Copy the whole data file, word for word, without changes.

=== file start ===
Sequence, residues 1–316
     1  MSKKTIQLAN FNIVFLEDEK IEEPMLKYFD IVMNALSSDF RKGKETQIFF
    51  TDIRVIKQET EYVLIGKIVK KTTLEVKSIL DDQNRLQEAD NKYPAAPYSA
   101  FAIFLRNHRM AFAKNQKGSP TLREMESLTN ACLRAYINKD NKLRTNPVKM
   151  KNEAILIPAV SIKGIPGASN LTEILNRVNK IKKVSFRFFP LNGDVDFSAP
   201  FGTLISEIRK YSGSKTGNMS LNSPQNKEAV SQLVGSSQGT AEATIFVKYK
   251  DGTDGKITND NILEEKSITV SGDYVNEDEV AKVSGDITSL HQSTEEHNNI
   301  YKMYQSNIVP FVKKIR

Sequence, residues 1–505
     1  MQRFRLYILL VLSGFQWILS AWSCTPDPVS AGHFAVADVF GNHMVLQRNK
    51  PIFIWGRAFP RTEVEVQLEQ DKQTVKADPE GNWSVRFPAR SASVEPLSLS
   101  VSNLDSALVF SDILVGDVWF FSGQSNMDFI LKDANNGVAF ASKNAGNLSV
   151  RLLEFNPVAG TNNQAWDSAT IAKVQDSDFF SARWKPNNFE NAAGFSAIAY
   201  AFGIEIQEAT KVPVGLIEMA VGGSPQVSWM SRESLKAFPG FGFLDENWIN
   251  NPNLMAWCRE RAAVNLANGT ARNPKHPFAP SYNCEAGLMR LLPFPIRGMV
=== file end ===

Sequence, residues 1–316
     1  MSKKTIQLAN FNIVFLEDEK IEEPMLKYFD IVMNALSSDF RKGKETQIFF
    51  TDIRVIKQET EYVLIGKIVK KTTLEVKSIL DDQNRLQEAD NKYPAAPYSA
   101  FAIFLRNHRM AFAKNQKGSP TLREMESLTN ACLRAYINKD NKLRTNPVKM
   151  KNEAILIPAV SIKGIPGASN LTEILNRVNK IKKVSFRFFP LNGDVDFSAP
   201  FGTLISEIRK YSGSKTGNMS LNSPQNKEAV SQLVGSSQGT AEATIFVKYK
   251  DGTDGKITND NILEEKSITV SGDYVNEDEV AKVSGDITSL HQSTEEHNNI
   301  YKMYQSNIVP FVKKIR

Sequence, residues 1–505
     1  MQRFRLYILL VLSGFQWILS AWSCTPDPVS AGHFAVADVF GNHMVLQRNK
    51  PIFIWGRAFP RTEVEVQLEQ DKQTVKADPE GNWSVRFPAR SASVEPLSLS
   101  VSNLDSALVF SDILVGDVWF FSGQSNMDFI LKDANNGVAF ASKNAGNLSV
   151  RLLEFNPVAG TNNQAWDSAT IAKVQDSDFF SARWKPNNFE NAAGFSAIAY
   201  AFGIEIQEAT KVPVGLIEMA VGGSPQVSWM SRESLKAFPG FGFLDENWIN
   251  NPNLMAWCRE RAAVNLANGT ARNPKHPFAP SYNCEAGLMR LLPFPIRGMV